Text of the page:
## A Weakness in Exponential-Golomb Encoding

I have written before, about variable-length encoding, and one observation I had made then, was that Huffman Encoding of value-pairs was only really strong, as long as we do not need to encode consecutive non-zero values, or consecutive values significantly greater than zero. And so I had suggested Exponential-Golomb encoding as an alternative.

I also see a problem with that, in the way it was prescribed ages ago.

The way Exponential-Golomb works, is that the value of zero is actually encoded as a single bit equal to (1). Non-zero values are as if written out by hand in binary, so that their first bit is always equal to (1), and then the length in bits is signaled to the decoder with a prepended series of zeroes, numbering the length of the actual integer. This prefix of zeroes is one possible form of unary encoding.

The problem I see, is with how we are supposed to encode integers that may or may not be negative. In the classical approach, we should interleave the negative integers with the positive, and then encode as though we were encoding non-negative values. Doing so increases the length of non-zero integers by one bit in average.

What nobody seemed to point out, was that doing so will also lengthen the unary prefix by one zero, on average, to signal this longer unsigned integer. So on average, this approach will actually lengthen the variable-length bit-sequence by two bits.

The main exception will be with (+1), which continues to be represented by 2 bits. Yet, if the values are signed, then I would guess that a (-1) will have an equal probability of occurring as (+1), and (-1) will be encoded as 4 bits, thus forming and average length of 3 bits, and merely breaking even with what I am about to suggest.

And so as far as I am concerned, it makes greater sense just to Exponential-Golomb-encode the absolute, and if this absolute is not zero, to append a sign bit. Doing so will only lengthen the variable-length sequence by one bit. (+1) and (-1) would both be encoded as 3 bits, and (+2), (+3), (-2) and (-3) would all be encoded as 4 bits.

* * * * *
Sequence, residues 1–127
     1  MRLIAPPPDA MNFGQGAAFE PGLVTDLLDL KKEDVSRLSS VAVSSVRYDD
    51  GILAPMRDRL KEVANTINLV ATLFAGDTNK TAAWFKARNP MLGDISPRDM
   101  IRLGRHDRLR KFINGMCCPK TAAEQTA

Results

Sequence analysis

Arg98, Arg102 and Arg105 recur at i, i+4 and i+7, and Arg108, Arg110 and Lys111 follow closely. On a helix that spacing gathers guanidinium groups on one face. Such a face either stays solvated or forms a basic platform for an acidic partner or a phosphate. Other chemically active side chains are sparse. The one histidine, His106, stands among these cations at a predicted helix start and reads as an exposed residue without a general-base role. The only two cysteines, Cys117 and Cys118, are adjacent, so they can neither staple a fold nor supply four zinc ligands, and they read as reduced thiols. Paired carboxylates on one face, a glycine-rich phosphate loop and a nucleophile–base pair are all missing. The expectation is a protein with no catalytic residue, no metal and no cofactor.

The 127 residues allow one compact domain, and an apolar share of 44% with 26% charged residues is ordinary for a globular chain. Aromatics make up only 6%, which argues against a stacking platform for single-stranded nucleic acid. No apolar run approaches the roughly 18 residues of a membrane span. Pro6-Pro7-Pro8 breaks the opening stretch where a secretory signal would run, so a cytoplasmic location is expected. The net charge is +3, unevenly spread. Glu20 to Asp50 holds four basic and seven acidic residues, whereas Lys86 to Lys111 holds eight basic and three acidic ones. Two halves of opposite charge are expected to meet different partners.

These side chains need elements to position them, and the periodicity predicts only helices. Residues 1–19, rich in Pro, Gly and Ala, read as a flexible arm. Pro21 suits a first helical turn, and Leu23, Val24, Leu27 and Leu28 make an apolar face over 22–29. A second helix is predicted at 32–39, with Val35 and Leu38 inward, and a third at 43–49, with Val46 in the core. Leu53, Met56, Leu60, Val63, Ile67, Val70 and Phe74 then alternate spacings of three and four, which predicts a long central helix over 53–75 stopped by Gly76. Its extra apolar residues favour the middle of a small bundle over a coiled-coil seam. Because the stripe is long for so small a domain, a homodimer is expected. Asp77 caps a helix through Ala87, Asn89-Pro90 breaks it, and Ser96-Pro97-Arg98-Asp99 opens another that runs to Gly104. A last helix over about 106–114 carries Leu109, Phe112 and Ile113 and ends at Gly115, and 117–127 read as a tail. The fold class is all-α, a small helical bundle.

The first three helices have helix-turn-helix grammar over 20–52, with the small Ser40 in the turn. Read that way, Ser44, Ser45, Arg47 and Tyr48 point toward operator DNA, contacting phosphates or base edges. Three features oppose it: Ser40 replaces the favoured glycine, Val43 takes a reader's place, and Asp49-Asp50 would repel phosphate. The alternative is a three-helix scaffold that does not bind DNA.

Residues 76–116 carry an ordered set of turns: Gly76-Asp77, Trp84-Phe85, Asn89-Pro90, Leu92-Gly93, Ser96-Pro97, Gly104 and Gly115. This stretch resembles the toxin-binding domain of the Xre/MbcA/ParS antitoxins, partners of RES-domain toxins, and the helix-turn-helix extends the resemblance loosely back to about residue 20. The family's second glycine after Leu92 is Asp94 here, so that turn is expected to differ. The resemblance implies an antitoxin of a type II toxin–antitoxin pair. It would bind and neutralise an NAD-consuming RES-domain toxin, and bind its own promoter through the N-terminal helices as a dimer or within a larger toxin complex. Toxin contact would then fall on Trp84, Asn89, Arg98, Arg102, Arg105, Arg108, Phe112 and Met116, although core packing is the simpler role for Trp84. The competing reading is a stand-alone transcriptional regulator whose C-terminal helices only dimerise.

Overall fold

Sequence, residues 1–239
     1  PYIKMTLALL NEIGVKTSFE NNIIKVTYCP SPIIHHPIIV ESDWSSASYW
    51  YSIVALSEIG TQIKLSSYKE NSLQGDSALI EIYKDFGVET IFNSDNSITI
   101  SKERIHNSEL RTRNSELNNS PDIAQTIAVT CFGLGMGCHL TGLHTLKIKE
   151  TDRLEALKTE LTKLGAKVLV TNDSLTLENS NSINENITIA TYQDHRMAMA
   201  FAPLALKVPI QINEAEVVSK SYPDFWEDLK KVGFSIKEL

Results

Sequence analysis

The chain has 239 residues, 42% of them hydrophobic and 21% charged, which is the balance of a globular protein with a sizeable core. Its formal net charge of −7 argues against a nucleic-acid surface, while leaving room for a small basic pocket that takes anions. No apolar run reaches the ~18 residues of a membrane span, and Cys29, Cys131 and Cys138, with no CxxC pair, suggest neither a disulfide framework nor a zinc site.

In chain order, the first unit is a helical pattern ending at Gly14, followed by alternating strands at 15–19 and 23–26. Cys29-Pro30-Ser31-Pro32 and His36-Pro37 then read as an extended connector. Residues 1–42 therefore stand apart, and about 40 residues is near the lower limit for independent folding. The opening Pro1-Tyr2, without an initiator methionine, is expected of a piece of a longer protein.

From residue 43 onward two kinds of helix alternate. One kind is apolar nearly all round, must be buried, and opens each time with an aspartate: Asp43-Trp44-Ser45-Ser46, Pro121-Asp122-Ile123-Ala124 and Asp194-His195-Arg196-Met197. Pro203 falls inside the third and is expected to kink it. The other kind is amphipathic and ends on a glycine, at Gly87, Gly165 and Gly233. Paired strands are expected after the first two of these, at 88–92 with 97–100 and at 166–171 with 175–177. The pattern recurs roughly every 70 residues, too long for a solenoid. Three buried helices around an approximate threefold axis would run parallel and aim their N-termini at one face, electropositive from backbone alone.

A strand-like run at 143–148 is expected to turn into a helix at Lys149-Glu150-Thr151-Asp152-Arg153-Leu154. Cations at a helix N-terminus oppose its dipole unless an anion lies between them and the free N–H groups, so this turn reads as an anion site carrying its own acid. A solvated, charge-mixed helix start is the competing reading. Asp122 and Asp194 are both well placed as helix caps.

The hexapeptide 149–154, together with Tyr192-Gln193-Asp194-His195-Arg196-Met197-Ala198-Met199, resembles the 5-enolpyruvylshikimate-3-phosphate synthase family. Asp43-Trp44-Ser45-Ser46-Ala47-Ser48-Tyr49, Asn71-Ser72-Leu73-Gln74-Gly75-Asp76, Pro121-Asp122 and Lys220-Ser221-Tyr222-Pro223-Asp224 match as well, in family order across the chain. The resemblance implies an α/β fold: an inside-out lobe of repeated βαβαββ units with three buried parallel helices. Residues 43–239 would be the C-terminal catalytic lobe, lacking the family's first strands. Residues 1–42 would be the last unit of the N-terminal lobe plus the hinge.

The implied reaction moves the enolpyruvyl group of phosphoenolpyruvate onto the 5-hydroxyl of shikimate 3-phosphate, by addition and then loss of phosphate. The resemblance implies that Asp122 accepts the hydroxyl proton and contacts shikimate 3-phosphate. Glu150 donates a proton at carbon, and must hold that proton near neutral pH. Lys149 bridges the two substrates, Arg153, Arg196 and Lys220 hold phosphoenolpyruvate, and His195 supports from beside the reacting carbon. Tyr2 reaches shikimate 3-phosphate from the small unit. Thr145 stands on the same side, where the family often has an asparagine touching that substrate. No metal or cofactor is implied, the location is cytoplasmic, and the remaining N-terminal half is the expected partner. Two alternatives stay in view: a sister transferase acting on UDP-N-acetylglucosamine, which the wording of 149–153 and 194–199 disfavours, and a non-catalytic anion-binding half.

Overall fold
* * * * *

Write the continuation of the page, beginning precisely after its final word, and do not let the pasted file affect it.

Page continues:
Dirk

## One reason Why, It is Difficult For Me to Guess, at the Variable-Length Encoding of numbers, Chosen By Other People

The problem can come up often in Computing, that instead of having a fixed-length encoding for numbers, we may want to encode a majority of integers which lie in a small range, but out of which a progressively smaller number have larger values. This can lead to variable-length encoding schemes, and MP3 sound compression, logically, is one place where this happens.

If one is trying to guess at what encoding was used, the fact that can stymie a person is, that many methods exist to accomplish exactly that. Huffman Encoding has as a problem, that although the higher-value integers are assigned longer bit-sequences, the relative frequency with which these higher integers will occur, is not the inverse, of their bit-length. This can also be why, a non-default arrangement can be made, that if the size of the integer reaches 15, a full-length value needs to follow.

I have now finally learned, that with MP3 compression, at least the integers smaller than 15, Huffman-Encoded, are intended to be the default case, and values at or above 15 are intended to be the exception. Thus, if the scaling factor is increased, for sure the bit-length of the stream will decrease, until the bit-rate is achieved, that the user set. I got that.

But Why, then, You May Ask, does Dirk choose a different way to accomplish the same thing, and so often?

My answer would be, that formal solutions are often good at compressing the size of integers when those lie in a certain range, but if one value appears in the stream which is much larger than the average, those variable-length encoding schemes can become monsters. ( :1 )

As an example, I read that ‘FLAC’ will record the Linear Predictive Encoding coefficients for a frame accurately, and that this scheme will then Rice Encode the residual each time.